Bob Harland

    Just to mention that you need a license for your VHF radio.
    And to use the radio you must have or be supervised by someone who has an operators license.
    More information on RYA website;

    @peter.soper wrote:

    I hope to do the RYA radio course in the next few weeks.

    Please do attend the RYA radio course – it’s every bit as important as carrying the radio.


    Some years ago I was advised that as I sea sailed I should buy a handheld radio. I was informed that the RNLI used ICOM in Aquapacs which were fastened to lifejackets by lanyard. The radios floated and had protection from the water. As was the practice in Wayfarers I fastened the Aquapac to the boat with a 12 feet line.
    A RNLI Seacheck was carried out within a year by a RNLI lifeboat crew member who advised me to split the line to 8 feet and 4 feet sections. The two sections are joined by a strong spring clip from the shorter section. In strong winds I was told to secure the radio to my buoyancy aid and to stick the radio inside by waterproof jacket.
    Another advantage of ICOMs is that they can also be powered by AAAA batteries.


    Last September The Mad Doc & I went across to Spurn Point in “Barbie” for a Lifeboatmans Breakfast ( Like a fat boys but bigger) whilst collecting this huge meal, the Chef commented on my VHF and asked if it was waterproof because there’s always lived in aquapacs. When I told him it had to be waterproof because it floated, he thought what a good idea and looked forward to getting them on the Lifeboat.
    For those who don’t know the Cafe at Spurn point is run by the Lifeboatmen and their Ladies.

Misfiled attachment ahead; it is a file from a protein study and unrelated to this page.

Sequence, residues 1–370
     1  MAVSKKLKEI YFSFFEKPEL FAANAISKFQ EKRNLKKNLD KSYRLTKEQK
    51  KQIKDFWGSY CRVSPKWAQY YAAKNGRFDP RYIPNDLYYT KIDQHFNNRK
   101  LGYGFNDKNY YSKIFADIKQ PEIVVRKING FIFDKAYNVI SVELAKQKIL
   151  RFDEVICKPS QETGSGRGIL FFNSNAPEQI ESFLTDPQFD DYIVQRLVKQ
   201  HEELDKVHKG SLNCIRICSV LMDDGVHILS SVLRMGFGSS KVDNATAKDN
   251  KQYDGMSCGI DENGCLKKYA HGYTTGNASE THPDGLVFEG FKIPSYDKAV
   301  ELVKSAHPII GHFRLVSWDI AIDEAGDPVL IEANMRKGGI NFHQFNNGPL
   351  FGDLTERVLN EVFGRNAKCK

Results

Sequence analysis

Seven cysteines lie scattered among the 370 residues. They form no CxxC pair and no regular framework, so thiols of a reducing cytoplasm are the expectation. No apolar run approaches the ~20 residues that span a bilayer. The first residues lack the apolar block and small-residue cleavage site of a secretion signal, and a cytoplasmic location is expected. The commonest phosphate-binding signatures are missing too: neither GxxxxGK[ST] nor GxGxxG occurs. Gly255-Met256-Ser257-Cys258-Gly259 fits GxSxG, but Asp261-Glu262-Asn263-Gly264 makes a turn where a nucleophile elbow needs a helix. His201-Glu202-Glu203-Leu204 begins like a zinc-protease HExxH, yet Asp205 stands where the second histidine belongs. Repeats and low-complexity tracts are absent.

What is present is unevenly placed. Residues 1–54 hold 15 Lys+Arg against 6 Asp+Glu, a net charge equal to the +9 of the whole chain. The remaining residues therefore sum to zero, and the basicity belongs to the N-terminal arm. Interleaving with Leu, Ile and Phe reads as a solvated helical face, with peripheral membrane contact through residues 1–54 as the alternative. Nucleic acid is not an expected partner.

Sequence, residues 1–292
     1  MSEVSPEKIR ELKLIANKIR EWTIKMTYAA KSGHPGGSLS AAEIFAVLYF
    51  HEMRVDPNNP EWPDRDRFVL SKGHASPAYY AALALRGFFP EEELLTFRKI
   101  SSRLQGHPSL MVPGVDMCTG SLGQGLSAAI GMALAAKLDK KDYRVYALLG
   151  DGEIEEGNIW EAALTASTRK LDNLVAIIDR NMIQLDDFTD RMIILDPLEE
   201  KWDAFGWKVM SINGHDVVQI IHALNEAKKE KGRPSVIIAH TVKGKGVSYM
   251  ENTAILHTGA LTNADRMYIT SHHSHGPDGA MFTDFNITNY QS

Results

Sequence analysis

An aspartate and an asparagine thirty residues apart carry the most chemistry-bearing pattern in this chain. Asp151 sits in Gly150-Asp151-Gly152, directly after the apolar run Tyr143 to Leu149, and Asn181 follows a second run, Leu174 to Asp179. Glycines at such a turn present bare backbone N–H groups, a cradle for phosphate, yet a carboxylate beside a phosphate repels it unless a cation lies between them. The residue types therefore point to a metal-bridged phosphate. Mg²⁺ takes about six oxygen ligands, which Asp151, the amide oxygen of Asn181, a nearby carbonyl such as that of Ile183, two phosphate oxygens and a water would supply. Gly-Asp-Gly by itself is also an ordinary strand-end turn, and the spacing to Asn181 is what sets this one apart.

Tha Aquapac is not only used to keep water off the radio. It also totally prevents wind noise when talking. Wind noise can render any call unintelligible, and in stressful situations it is easy to forget to protect microphone from wind. A plastic bag is an inelegant substitute.


    Dave Barker

    Just a quick mention for the Icom M71. Although a little more expensive than some, it does have several advantages – to my eyes at least. The transmission power (at max) is 6W rather than the usual 5W, which might make a useful difference, but the main reason I chose it is that it is longer and slimmer than most other models, (and who doesn’t like a long, slim model? 🙂 ), so it will fit nicely into the pocket of my buoyancy aid. This has an attachment loop inside, so there is no risk of my dropping the radio.

    I previously had a Nexus NX1500 (Silva), which was good, but I couldn’t get a spare battery anywhere. They now have a better UK setup, but I’m happy with the Icom.


    I’ve been using an M71 as well, and can attest to its water-proofness 🙂

    A major factor in my choice was battery life – with a spare battery I can run for around 4 days’ sailing before I have to find somewhere to charge.

Viewing 15 posts - 1 through 15 (of 20 total)
  • You must be logged in to reply to this topic.